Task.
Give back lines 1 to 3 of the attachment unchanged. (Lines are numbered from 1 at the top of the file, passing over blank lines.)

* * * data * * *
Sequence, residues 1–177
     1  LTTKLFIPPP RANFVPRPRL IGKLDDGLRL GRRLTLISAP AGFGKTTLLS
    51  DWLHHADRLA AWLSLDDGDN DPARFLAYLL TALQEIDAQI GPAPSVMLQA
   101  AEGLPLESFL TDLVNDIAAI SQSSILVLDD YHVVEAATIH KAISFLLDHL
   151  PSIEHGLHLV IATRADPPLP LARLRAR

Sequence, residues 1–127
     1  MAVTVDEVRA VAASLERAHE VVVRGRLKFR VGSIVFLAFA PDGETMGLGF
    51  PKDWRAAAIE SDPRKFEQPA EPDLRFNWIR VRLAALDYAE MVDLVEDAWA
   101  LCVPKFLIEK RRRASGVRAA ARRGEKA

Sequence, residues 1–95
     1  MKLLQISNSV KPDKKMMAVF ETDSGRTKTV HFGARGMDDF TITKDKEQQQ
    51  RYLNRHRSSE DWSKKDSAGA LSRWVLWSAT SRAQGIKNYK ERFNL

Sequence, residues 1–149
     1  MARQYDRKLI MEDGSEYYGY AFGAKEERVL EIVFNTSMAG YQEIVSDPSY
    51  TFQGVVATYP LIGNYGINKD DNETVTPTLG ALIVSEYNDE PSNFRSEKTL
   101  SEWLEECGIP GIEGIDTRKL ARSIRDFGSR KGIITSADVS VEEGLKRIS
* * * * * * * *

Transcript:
Sequence, residues 1–177
     1  LTTKLFIPPP RANFVPRPRL IGKLDDGLRL GRRLTLISAP AGFGKTTLLS
    51  DWLHHADRLA AWLSLDDGDN DPARFLAYLL TALQEIDAQI GPAPSVMLQA